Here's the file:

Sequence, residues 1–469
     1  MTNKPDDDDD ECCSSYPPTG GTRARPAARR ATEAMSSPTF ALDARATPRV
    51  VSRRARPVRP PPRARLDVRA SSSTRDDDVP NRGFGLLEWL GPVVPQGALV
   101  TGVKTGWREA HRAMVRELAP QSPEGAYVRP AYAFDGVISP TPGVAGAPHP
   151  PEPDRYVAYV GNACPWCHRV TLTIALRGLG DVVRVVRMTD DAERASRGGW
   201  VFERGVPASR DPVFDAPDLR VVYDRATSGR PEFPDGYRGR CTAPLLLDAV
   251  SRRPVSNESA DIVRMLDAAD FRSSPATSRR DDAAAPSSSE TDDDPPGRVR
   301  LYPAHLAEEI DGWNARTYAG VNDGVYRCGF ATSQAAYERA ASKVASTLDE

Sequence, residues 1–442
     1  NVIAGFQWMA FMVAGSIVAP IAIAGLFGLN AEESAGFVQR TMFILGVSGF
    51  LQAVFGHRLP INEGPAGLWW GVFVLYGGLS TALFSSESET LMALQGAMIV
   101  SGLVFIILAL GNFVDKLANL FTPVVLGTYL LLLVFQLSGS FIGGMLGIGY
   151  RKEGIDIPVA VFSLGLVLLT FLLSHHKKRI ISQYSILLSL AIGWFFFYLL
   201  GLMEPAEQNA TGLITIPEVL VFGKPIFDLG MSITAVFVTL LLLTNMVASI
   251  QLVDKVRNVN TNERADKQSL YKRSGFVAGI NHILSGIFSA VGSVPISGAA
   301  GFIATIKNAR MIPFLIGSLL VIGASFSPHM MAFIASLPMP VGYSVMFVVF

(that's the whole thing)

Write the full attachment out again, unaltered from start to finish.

Sequence, residues 1–469
     1  MTNKPDDDDD ECCSSYPPTG GTRARPAARR ATEAMSSPTF ALDARATPRV
    51  VSRRARPVRP PPRARLDVRA SSSTRDDDVP NRGFGLLEWL GPVVPQGALV
   101  TGVKTGWREA HRAMVRELAP QSPEGAYVRP AYAFDGVISP TPGVAGAPHP
   151  PEPDRYVAYV GNACPWCHRV TLTIALRGLG DVVRVVRMTD DAERASRGGW
   201  VFERGVPASR DPVFDAPDLR VVYDRATSGR PEFPDGYRGR CTAPLLLDAV
   251  SRRPVSNESA DIVRMLDAAD FRSSPATSRR DDAAAPSSSE TDDDPPGRVR
   301  LYPAHLAEEI DGWNARTYAG VNDGVYRCGF ATSQAAYERA ASKVASTLDE

Sequence, residues 1–442
     1  NVIAGFQWMA FMVAGSIVAP IAIAGLFGLN AEESAGFVQR TMFILGVSGF
    51  LQAVFGHRLP INEGPAGLWW GVFVLYGGLS TALFSSESET LMALQGAMIV
   101  SGLVFIILAL GNFVDKLANL FTPVVLGTYL LLLVFQLSGS FIGGMLGIGY
   151  RKEGIDIPVA VFSLGLVLLT FLLSHHKKRI ISQYSILLSL AIGWFFFYLL
   201  GLMEPAEQNA TGLITIPEVL VFGKPIFDLG MSITAVFVTL LLLTNMVASI
   251  QLVDKVRNVN TNERADKQSL YKRSGFVAGI NHILSGIFSA VGSVPISGAA
   301  GFIATIKNAR MIPFLIGSLL VIGASFSPHM MAFIASLPMP VGYSVMFVVF